By Robyn Bardgett
Anyone with school-aged children would have had a small taste of homeschooling during the pandemic. But what options are available for homeschooling and is it right for every family?
Even before the pandemic, more and more families were choosing homeschooling over traditional schooling for their children. The options for homeschooling vary and include parent-led schooling, private tutored homeschooling, or the unschooling approach – where everyday experiences and the child’s interests and curiosities form part of the learning process.
While some families are deciding to move away from traditional schooling, the best way to decide whether homeschooling is the right direction for your children is to consider what will work best for your family.
“Join the online community (Bermuda Homeschooling Network) on Facebook and invite a mom out for coffee and pick her brain,” says Tiffany Richardson, who is homeschooling her middle school daughter, Riley, while also caring for her two-year-old, Rebekah.
Along with an online Facebook resource, the Bermuda Homeschooling Network is the best place to find out more information about homeschooling in Bermuda. Along with advertising events and classes for the homeschooling community, the Network is a resource for people to ask questions about homeschooling options on the island.
The mission says, “The Bermuda Homeschool Network is a diverse and inclusive network of families who have chosen to educate their children at home. Our members use a wide selection of homeschooling methods, have a variety of philosophical and religious beliefs, and represent different lifestyles. The group celebrates and nurtures the richness of this diversity through healthy relationships between our members as we encourage and support each other on our homeschool journey.”
While Tiffany and her husband, Jarion, were both educated in private and public-school settings, it was attending a Homeschooling Network sponsored sports day when Mrs Richardson was “sold” on homeschooling for her daughter.
There is a misconception that homeschooled children are “weird” and aren’t able to socialize, but the last year has shown just how important socializing is for the home school community – for both the children and parents – and just how much of a community has been built over the years with plenty of options to connect with other homeschooling students.
“This was a very tough year for everyone,” points out Mrs Richardson. “While I had a leg up on how to educate from home, it was not a good example of what homeschooling really is. I missed my tribe. I’m accustomed to play dates, combined learning, co-ops, field trips, BUEI and BAMZ classes. We had none of it.”
She adds: “This year I saw how much the community helps me as a home educator. Many people assumed as a ‘veteran’ the pandemic was easy for we homeschoolers. It was not. If any parents were considering homeschooling as an option but the stay-at-home order put them off – that wasn’t homeschooling. That was survival and we all did the best we could.”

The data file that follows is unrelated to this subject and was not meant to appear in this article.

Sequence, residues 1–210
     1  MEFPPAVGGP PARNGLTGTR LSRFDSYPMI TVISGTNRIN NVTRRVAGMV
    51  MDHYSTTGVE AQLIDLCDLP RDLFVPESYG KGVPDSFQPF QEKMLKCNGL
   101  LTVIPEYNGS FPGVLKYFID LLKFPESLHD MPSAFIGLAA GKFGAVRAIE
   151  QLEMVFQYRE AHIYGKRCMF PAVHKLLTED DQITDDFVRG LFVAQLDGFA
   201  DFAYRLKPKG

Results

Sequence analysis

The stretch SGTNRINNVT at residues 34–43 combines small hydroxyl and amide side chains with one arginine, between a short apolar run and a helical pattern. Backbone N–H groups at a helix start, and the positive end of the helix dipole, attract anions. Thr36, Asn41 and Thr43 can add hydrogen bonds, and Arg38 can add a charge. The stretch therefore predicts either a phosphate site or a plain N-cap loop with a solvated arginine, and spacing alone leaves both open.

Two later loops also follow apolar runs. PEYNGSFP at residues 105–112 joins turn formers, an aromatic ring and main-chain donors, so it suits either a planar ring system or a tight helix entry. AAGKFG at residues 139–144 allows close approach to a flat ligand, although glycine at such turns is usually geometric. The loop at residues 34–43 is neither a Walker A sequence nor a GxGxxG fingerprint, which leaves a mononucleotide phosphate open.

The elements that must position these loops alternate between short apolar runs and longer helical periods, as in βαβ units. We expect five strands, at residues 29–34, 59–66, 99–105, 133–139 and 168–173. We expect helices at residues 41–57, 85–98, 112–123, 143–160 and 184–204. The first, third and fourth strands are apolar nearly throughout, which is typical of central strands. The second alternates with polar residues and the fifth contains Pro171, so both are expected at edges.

For her daughter, she points to her ability to socialize with children from all different age groups.
“My kids know, if we’re at the park we may not see the same people again, so I encourage them to get in there and have fun and say hello. Socialization is the least of my worries.”
When selecting what method is a best fit for schooling at home, Mrs Richardson says it can be a bit of trial and error.
“I’ve taught many different options,” she says. “I learned my child’s needs and learning style and continue to craft an education that suits her. It’s an individual approach. Some of her classes I am teaching her one-on-one, some are online through self-paced learning, some are accredited courses in a virtual classroom.”
The family’s main goal was to “build character and confidence” in their daughter and “concentrate on the person we were helping to grow; not just test results.” They have also been committed to including a Christian foundation in their children’s education and have “enjoyed exploring our faith as well as studying other religions and practices.”
“There are expectations that we have of her academically, we just don’t expect them in a traditional timeframe,” says Mrs Richardson. “Learning happens at any time, anywhere. Homeschooling, for us, isn’t an option or a method, but rather a lifestyle we’ve chosen.”
The resources within the community have also been incredible for learning opportunities from organizations such as the Bermuda Aquarium Museum and Zoo and Masterworks and farmers like Tom Wadson. “My kids have learned so much from walking around that property [Wadson’s Farm] and having chats with Mr Wadson,” says Mrs Richardson.
With many in the community having homeschooled there’s no better place to start than with people who have gone through educating their children.
“Most families are teaching multiples and veteran moms have seen it all,” Mrs Richardson says. “What worked for the first child doesn’t always work for the second. Those ahead have such a wealth of knowledge and are happy to share their experience, strength, home…and books that their kids have outgrown!”
Mrs Richardson says the best thing is to ask yourself, “Why am I homeschooling? The plan will develop from there. If you are solid on your why, the how will easily follow.”
For more information on homeschooling in Bermuda, visit https:// www.facebook.com/ BermudaHomeschoolNetwork